In 1975, Việt Cộng won the war and united North and South Vietnam. During that time my uncle-in-law, Chú Tế, served as an officer in the Vietnamese Navy for the Americans. After the president’s declared that the war ended, Chú Tế received words from his commanding officer that his navy ship must leave the harbor at once. The officers and the navy ship could not risk being captured by the Việt Cộng. Chú Tế was permitted to bring his family along.
Quickly, Chú Tế notified my maternal grandparents that our families can board the Vietnamese/American naval ship and leave Vietnam. If we were interested in going, we need to pack and leave immediately. The ship will be leaving the dock within a few hours. The Americans had to leave before the Việt Cộng settled in.
“Be ready at any time, we will come and pick you up.” This was the message for my grandparents.
Mai Hương was 10 years old in 1975 when she left Vietnam. On the day the war ended, she remembered the chaotic traffic and the loud explosion of bombs in the distance. People, wagons, motorcycles, and bicycles were in disarray.
In the house, she heard whispers behind closed doors. All the aunts and uncles were secretive. She didn’t know what was going on but she can tell that something big was up.
Everyone started to pack and get ready to go somewhere.
My grandfather took his motorbike with my uncle. They rode through the chaotic traffic of Saigon and over to my parents’ home. “Pack your bags for the family. We are going to America.” He told my mom.
With no warning or notice, my parents declined the invitation to leave. The youngest child was three at the time. They were not ready to go. My parents chose to stay and weathered the storm. “Perhaps, life won’t be so bad.” my dad thought.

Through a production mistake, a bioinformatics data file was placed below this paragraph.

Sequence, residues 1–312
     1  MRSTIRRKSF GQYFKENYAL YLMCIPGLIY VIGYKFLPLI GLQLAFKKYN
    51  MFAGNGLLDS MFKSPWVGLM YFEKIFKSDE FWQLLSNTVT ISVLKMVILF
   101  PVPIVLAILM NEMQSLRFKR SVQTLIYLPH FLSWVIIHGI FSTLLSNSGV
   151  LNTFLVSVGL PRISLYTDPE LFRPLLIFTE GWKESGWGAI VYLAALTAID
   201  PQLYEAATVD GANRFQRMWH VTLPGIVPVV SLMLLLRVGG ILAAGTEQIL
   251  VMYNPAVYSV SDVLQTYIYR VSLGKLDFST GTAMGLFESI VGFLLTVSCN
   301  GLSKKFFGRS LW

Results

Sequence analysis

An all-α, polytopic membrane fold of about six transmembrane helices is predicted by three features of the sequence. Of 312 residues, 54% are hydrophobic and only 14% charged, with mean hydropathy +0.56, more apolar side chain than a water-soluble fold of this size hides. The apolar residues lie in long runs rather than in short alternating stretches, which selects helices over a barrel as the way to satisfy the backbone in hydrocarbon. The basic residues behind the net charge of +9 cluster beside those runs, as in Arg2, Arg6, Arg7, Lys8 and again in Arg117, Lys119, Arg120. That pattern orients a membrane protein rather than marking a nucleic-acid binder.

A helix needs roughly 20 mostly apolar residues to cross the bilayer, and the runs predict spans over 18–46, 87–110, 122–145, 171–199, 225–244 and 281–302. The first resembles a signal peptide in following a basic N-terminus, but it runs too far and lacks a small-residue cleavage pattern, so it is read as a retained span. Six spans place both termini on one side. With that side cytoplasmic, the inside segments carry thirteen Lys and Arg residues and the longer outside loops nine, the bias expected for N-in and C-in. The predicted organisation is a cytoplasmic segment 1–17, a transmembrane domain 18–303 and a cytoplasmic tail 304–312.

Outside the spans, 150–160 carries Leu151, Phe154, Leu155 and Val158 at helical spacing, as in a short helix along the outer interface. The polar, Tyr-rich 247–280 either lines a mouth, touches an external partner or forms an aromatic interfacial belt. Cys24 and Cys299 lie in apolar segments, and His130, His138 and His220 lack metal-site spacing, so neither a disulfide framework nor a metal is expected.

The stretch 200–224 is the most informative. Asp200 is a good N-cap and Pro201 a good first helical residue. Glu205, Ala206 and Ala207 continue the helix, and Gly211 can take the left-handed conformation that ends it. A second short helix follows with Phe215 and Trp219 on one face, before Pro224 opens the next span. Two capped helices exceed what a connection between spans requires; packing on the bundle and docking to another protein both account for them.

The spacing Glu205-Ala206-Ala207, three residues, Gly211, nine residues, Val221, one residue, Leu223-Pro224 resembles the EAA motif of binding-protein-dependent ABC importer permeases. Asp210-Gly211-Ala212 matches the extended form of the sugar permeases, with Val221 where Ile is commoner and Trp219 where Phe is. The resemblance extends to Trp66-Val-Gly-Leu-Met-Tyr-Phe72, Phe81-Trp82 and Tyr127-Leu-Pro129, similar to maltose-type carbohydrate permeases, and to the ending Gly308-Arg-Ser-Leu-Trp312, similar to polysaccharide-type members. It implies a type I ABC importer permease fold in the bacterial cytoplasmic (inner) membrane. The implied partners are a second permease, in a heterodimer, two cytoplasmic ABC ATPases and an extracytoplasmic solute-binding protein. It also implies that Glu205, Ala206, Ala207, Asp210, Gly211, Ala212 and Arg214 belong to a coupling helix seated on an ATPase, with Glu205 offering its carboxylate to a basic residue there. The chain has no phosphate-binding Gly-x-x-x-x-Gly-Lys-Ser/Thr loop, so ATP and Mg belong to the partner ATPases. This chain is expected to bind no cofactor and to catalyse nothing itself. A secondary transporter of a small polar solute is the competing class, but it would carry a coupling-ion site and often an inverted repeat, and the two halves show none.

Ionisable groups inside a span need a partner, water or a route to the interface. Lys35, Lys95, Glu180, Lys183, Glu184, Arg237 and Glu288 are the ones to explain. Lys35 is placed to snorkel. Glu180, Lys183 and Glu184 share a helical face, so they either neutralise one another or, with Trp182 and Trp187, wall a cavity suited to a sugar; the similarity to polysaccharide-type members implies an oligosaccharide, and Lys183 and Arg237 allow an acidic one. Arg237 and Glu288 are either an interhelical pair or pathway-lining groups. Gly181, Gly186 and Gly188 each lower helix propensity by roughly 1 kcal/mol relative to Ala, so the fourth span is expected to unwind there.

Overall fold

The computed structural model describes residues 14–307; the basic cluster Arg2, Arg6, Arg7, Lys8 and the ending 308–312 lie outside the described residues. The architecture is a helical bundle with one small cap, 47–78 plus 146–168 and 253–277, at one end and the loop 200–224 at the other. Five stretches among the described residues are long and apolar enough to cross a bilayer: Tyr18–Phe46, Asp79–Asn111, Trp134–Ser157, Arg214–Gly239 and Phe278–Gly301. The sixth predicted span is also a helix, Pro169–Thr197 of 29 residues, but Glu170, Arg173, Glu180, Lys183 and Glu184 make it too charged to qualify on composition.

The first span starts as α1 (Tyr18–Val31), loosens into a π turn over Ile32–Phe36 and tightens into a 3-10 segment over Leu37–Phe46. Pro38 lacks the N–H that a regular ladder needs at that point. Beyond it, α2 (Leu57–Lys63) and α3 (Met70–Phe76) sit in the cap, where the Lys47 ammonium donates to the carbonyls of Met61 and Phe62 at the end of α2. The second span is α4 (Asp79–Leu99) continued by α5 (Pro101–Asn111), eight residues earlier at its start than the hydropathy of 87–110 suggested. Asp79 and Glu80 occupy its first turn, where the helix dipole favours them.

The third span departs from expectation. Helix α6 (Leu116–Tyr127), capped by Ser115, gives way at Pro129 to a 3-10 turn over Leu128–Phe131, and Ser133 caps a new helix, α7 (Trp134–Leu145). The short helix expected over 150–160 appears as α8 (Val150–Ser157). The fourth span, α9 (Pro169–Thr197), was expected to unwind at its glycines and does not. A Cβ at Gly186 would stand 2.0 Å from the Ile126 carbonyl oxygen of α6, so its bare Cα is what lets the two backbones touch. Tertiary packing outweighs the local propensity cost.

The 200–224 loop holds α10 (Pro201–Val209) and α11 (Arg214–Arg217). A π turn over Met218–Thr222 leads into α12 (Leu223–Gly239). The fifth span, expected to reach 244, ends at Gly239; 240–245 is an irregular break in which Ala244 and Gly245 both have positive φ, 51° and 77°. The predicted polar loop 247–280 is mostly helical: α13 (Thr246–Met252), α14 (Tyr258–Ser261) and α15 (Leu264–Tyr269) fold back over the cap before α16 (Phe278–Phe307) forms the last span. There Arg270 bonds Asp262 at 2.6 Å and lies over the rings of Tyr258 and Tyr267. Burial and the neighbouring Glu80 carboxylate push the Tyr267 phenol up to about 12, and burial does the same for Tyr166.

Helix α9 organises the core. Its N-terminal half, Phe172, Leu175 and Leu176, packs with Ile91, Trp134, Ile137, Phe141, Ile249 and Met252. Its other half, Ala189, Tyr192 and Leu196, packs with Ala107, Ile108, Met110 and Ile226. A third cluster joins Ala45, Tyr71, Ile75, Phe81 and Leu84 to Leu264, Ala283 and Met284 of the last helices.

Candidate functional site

My grandfather took off to notify other family members but could not reach everyone. The pandemonium of the war’s aftermath also slowed him down. He ran out of time. Sadly, he returned to the group who was ready to leave for Vũng Tàu’s harbor. My grandfather had 9 children. Five out of the nine children left with him to America. Three people who worked for my grandparents also came along. They were Cô Chắt, Cô Loan, and Chú Phương. Cô means Miss and Chú mean Uncle in Vietnamese.
When they arrived at the harbor, Mai Hương was told that she was going to America. She was excited. Everyone she knew and loved was with her. She knew she would be well cared for. “Wow, what a huge ship.” thought Mai Hương. “This is going to be a great adventure.”
Before the ship set sail, the captain gave the civilian passengers one last chance to go home if they so choose. Whoever wanted to stay in Vietnam may leave now. The thought of leaving Vietnam possibly forever was devastating, Cô Chắt felt homesick. She worked for my grandparents and her family was not on the ship. She chose to leave the ship and stayed in Vietnam. Cô Loan stayed on the ship. She had a crush on our uncle Voòng. Chú Phương was another worker for our grandparents. He stayed because he had his eyes set on our aunt Ðóm.